Letter | Published:

Surveying polypeptide and protein domain conformation and association with FlAsH and ReAsH

Nature Chemical Biology volume 3, pages 779784 (2007) | Download Citation

Subjects

Abstract

Recombinant polypeptides and protein domains containing two cysteine pairs located distal in primary sequence but proximal in the native folded or assembled state are labeled selectively in vitro and in mammalian cells using the profluorescent biarsenical reagents FlAsH-EDT2 and ReAsH-EDT2. This strategy, termed bipartite tetracysteine display, enables the detection of protein-protein interactions and alternative protein conformations in live cells. As proof of principle, we show that the equilibrium stability and fluorescence intensity of polypeptide–biarsenical complexes correlates with the thermodynamic stability of the protein fold or assembly. Destabilized protein variants form less stable and less bright biarsenical complexes, which allows discrimination of live cells expressing folded polypeptide and protein domains from those containing disruptive point mutations. Bipartite tetracysteine display may provide a means to detect early protein misfolding events associated with Alzheimer's disease, Parkinson's disease and cystic fibrosis; it may also enable high-throughput screening of compounds that stabilize discrete protein folds.

  • Compound

    4,5-bis(1,3,2-dithiarsolan-2-yl)fluorescein

  • Compound

    4,5-bis(1,3,2-dithiarsolan-2-yl)resorufin

  • Compound

    1,2-Ethanedithiol

  • Compound

    2,3-Dimercapto-1-propanol

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Acknowledgements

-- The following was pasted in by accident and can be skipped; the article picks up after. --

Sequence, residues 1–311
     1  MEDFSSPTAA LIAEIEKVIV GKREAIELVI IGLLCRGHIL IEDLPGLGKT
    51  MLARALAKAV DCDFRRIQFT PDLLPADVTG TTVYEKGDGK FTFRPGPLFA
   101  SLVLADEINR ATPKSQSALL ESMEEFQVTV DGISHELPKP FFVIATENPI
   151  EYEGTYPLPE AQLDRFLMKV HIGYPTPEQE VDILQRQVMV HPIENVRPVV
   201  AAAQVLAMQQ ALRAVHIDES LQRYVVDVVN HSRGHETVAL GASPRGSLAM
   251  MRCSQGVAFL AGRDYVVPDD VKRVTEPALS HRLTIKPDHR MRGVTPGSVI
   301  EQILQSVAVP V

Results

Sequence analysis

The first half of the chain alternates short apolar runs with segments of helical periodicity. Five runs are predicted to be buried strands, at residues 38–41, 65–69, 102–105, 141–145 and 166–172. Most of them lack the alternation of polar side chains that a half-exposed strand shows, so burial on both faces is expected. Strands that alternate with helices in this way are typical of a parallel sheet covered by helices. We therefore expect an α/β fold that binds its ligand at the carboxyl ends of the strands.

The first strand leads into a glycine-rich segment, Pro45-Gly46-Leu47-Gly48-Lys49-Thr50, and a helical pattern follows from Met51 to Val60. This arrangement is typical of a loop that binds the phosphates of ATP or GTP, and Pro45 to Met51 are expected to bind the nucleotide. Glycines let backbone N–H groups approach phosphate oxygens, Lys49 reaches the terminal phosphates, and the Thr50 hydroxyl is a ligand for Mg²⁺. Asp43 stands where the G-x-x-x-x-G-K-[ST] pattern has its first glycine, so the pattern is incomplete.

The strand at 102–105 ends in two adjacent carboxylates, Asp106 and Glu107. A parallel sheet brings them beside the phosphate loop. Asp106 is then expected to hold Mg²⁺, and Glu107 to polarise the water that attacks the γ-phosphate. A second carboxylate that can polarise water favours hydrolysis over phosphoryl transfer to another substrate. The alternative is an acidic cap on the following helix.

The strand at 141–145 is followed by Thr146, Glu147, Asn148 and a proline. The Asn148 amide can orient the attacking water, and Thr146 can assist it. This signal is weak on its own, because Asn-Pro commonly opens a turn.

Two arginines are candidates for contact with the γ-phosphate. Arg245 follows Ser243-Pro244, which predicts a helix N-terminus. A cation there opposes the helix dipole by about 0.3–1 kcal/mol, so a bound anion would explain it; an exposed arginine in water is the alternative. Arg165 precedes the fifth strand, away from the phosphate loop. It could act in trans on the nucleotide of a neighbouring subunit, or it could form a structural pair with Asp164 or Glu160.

This work was supported in part by the US National Institutes of Health and in part by a grant to Yale University, in support of A.S., from the Howard Hughes Medical Institute.

Author information

Author notes

    • Nathan W Luedtke

    Present address: Universität Zürich, Organisch-chemisches Institut, Winterthurerstrasse 190, CH-8057 Zürich, Switzerland.

Affiliations

  1. Department of Chemistry, Yale University, 225 Prospect Street, New Haven, Connecticut 06520-8107, USA.

    • Nathan W Luedtke
    • , Rachel J Dexter
    • , Daniel B Fried
    •  & Alanna Schepartz
  2. Department of Chemistry and Molecular, Cellular, and Developmental Biology, Yale University, 219 Prospect Street, New Haven, Connecticut 06520-8107, USA.

    • Alanna Schepartz

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Contributions

N.W.L. contributed to experimental design, fluorophore synthesis, in vitro binding analyses, CD and manuscript drafting; R.J.D. contributed to experimental design and live cell experiments; D.B.F. contributed to in vitro binding analyses, CD and characterization of polypeptide-FlAsH complexes; A.S. contributed to experimental design and manuscript drafting.

Corresponding author

Correspondence to Alanna Schepartz.

Supplementary information

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    Supplementary Text and Figures

    Supplementary Figures 1–4, Supplementary Tables 1–3, and Supplementary Methods

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DOI

https://doi.org/10.1038/nchembio.2007.49

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